The Moral Responsibility Of Ivan In The Brothers Karamazov

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Ivan throughout the chapter as well as the book, “The Brothers Karamazov” denies the idea that he holds any moral responsibility for the actions of other within the book, two questions are posed by this statement; - How does this affect Ivan within Book XI? -Does this affect anyone else, if so, who? how? - And lastly, are people responsible for their actions or do others have responsibility for actions by humans? In the novel Ivan holds responsibility for other human’s actions, but this central idea has only recently been brought into conflict. Instead of accepting this idea Ivan consistently denies this claim and instead claims that “people are only responsible for their own actions.” His conversations that he recently had with Smerdyakov shows Ivan the role he specifically held to lead Smerdyakov to murder Fyodor. Ivan for the first time, is forced to accept the encumbrance of sin, and this acceptance of sin is what leads Ivan to his mental breakdown. With Ivan’s recent distrust in humanity, he begins to remove himself into his intellectual introverted awkwardness because he’s…show more content…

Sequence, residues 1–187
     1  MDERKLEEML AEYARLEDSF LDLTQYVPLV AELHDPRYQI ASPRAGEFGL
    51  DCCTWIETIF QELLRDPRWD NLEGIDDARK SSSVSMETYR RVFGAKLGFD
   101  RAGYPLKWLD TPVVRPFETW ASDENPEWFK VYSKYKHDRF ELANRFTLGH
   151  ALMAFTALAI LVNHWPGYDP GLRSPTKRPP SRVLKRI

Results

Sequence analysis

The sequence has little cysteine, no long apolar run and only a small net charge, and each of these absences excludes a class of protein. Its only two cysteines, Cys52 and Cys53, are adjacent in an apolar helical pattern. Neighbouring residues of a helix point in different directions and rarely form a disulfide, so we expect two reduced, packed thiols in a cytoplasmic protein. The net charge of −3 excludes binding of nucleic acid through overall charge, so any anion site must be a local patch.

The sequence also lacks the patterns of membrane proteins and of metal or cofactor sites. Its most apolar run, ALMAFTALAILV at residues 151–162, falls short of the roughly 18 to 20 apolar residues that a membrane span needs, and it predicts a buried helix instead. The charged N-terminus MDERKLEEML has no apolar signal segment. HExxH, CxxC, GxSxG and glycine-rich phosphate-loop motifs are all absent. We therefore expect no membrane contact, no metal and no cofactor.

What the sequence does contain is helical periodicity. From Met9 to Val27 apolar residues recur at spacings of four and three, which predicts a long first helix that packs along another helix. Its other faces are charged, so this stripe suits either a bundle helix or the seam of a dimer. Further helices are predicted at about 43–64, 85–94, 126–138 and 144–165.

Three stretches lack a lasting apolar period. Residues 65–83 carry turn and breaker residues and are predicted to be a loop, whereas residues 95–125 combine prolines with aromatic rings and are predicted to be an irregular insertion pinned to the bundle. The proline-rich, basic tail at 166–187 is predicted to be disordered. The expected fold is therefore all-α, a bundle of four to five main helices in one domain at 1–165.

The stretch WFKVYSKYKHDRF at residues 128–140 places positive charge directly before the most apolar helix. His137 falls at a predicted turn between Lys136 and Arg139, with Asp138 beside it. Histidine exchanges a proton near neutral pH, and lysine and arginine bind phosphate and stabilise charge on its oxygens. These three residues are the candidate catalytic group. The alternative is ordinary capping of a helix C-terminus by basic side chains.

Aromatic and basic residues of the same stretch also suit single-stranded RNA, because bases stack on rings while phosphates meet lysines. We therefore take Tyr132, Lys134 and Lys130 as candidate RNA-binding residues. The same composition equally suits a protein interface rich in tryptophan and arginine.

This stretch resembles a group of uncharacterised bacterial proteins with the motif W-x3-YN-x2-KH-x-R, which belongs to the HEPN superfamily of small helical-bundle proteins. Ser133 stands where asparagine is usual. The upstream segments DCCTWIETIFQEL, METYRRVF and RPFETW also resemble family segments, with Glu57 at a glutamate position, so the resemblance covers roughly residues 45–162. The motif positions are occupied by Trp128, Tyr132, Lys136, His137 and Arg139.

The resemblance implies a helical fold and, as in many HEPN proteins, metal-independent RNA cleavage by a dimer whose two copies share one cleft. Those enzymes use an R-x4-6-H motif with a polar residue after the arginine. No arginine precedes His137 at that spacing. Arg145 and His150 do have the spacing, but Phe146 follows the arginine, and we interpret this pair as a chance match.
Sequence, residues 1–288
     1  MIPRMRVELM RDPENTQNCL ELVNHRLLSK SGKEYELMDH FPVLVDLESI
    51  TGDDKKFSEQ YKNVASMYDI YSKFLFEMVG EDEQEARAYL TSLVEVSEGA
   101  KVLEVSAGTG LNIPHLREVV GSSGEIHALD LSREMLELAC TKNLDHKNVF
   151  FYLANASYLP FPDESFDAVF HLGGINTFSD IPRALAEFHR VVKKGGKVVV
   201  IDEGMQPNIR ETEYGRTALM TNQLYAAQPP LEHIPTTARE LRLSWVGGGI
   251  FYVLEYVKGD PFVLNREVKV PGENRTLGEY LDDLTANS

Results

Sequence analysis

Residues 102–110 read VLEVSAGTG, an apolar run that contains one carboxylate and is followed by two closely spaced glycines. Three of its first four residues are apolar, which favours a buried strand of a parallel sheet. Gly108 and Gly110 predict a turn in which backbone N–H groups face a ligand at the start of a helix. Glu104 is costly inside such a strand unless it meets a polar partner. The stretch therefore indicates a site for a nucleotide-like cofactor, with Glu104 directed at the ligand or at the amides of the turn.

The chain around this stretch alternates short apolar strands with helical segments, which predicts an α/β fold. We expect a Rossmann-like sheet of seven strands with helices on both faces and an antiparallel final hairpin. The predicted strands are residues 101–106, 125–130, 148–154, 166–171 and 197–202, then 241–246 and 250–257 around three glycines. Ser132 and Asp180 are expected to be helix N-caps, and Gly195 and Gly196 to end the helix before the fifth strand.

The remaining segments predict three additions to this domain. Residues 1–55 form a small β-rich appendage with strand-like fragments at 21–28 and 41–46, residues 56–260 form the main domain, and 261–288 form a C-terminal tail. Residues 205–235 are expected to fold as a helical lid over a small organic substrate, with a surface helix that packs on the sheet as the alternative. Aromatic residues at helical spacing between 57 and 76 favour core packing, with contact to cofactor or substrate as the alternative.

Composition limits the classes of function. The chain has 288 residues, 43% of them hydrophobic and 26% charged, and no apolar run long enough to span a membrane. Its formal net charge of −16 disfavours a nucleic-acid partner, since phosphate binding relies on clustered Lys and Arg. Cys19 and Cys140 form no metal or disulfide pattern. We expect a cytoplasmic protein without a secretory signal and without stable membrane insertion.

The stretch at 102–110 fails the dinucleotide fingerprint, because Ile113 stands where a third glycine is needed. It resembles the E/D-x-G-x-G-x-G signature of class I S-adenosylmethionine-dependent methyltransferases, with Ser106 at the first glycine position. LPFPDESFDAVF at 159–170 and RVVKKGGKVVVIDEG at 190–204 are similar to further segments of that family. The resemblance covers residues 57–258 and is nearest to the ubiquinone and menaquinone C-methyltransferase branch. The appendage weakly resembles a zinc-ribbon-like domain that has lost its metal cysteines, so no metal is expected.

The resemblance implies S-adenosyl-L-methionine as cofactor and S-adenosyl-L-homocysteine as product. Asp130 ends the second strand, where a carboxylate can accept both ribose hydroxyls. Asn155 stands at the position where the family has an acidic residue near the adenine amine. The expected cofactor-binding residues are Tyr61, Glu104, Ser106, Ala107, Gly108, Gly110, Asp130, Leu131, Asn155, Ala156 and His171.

While sheading light onto the terrible penalties of Ivan’s invalid moral philosophy, Smerdyaov’s delinquency also breaks the theoretical walls that Ivan has built around himself, once this occurred the remaining humanity began to flood Ivan’s mind. Without the belief in a faith he couldn’t carry the weight of this guilt. When Ivan hallucinates the devil in his room, just like the when Smerdyakov reveals his guilt, showed Ivan the world without a God, but given that Ivan has lived a life with the rejection of God he is left totally defenseless. Ivan’s breakdown came from the pileup of the “psychology of doubt” and “the idea of moral responsibility”. Ivan could handle one but he didn’t have the ability to tolerate

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